Some people still claim that PPMS is a different disease to SPMS. It not uncommon in siblings pairs with MS for one to have relapse-onset MS and the other to have PPMS. The figure from a UK sibling study is ~25%. This fact alone indicates to me that relapse onset and PPMS are the same disease. Other arguments in favour of PPMS and SPMS being the same disease relates to genetic and natural history studies. PPMSers and relapse-onset MSers have the same genetic background. Once people with relapse-onset MS enter the so-called clinical phase of SPMS they progress at exactly the same rate as PPMSers.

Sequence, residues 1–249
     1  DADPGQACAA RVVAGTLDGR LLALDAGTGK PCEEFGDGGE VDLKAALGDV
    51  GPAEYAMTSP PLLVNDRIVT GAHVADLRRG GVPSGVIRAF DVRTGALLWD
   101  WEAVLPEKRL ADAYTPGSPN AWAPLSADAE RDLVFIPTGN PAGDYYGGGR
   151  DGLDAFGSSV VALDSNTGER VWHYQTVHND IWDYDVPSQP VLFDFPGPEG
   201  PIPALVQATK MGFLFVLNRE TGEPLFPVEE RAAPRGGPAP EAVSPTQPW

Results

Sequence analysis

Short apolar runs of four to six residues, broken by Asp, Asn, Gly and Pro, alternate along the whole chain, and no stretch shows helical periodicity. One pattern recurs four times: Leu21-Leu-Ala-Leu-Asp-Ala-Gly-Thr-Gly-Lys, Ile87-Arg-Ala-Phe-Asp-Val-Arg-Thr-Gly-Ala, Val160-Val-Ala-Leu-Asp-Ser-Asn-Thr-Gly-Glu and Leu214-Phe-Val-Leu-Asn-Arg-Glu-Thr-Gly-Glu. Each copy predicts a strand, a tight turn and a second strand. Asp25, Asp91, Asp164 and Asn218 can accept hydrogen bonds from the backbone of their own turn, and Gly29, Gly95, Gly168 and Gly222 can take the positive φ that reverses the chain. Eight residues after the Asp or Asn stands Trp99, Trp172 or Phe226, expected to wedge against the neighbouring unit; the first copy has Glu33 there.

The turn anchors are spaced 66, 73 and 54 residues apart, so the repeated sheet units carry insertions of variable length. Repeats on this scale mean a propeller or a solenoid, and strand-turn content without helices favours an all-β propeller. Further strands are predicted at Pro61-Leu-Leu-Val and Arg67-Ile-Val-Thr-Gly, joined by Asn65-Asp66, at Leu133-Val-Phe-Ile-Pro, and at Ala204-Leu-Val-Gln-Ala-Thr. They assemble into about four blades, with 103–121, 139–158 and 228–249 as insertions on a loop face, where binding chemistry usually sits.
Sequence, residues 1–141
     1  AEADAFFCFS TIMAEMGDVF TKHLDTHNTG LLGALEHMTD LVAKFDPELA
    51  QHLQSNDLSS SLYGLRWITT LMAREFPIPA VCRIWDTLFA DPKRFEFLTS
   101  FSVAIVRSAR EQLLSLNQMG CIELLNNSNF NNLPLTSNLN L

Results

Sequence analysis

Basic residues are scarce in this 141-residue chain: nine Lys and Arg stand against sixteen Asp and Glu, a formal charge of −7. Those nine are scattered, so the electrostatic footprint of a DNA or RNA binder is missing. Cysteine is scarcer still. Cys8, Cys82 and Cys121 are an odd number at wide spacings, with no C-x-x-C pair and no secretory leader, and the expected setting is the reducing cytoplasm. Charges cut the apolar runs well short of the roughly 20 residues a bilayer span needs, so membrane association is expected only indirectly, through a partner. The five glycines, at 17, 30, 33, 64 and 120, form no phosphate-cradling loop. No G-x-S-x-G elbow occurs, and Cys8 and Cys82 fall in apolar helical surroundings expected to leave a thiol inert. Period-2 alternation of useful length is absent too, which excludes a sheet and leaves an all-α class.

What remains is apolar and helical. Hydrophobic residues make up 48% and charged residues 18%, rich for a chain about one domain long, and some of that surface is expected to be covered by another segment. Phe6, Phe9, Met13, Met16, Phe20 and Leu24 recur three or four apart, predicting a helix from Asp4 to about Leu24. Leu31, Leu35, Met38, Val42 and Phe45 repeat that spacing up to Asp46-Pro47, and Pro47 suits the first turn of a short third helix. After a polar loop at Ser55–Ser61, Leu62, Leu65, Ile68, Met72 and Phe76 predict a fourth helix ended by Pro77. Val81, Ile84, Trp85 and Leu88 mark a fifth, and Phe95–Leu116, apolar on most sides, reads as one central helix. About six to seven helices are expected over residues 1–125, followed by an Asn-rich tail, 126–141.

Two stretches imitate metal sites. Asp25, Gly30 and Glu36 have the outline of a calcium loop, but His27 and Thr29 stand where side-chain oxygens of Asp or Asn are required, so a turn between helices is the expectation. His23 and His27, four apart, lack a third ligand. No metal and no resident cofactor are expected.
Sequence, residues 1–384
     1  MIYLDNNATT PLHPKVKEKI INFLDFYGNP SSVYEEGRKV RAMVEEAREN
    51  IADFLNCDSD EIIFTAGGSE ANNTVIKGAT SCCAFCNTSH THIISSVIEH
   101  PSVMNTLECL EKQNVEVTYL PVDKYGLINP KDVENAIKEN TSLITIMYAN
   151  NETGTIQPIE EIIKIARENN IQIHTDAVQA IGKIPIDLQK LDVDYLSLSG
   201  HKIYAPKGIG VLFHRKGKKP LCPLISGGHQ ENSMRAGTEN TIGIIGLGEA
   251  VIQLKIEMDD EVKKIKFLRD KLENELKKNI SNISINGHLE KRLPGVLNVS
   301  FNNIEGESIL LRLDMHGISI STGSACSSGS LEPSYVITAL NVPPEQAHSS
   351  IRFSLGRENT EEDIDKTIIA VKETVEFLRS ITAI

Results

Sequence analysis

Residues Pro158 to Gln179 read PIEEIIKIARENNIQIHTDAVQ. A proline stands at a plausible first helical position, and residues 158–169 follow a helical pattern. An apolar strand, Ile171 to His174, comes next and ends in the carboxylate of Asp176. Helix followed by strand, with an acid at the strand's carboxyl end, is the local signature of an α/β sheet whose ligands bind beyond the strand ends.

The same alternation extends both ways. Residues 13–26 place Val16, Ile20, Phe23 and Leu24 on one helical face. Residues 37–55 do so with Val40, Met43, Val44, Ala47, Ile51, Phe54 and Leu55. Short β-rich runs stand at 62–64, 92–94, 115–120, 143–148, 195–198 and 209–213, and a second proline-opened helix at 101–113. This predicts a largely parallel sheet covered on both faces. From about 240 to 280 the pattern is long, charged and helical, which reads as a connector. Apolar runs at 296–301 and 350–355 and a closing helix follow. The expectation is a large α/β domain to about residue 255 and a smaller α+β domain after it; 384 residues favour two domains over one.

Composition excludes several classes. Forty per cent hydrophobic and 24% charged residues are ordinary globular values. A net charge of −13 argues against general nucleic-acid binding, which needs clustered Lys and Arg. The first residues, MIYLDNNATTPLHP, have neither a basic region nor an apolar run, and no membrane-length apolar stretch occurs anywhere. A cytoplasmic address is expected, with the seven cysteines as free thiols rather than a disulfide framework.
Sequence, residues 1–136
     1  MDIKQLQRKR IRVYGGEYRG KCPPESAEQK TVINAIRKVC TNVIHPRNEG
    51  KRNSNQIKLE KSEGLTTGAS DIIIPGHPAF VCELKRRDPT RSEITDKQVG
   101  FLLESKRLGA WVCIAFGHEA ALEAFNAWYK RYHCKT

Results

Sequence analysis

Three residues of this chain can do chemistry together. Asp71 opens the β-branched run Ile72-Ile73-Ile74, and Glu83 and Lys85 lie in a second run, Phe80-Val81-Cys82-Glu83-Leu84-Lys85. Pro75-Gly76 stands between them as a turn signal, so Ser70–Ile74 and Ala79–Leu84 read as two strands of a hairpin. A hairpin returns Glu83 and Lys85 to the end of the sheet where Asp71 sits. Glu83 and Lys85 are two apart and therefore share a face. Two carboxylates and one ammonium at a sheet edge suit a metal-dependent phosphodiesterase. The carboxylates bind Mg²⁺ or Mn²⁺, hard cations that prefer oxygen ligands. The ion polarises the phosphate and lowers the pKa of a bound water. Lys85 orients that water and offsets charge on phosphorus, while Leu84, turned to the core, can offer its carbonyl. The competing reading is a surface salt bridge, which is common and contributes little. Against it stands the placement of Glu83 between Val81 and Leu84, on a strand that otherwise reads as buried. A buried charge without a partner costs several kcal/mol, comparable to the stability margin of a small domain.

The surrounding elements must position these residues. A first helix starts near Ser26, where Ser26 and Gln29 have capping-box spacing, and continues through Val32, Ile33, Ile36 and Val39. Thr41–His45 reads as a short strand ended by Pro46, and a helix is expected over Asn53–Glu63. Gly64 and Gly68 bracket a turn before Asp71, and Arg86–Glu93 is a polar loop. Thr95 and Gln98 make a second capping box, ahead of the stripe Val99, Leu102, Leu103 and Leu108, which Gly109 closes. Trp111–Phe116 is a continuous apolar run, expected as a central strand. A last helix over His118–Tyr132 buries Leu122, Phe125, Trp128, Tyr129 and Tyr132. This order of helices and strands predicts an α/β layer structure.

It is for these reasons that I am convinced MS is one disease and that there is a strong case for doing trials on combined populations of so-called advanced MS. In other words, we should combine PPMS and SPMS populations into one study. I am aware that this is a controversial topic, particularly in the eyes of the regulators, but it needs serious consideration. If we don't do this then treatments will continue to be licensed for one subtype of progressive MS, and not the other clinical subtype, until additional trials are done. This is not in the interests of pwMS. Additional trials cost money and time. Time is not a something that progressive MSers have on their side. Five years in the life of someone with advanced MS may be the difference between using a walking-stick and becoming bed-bound.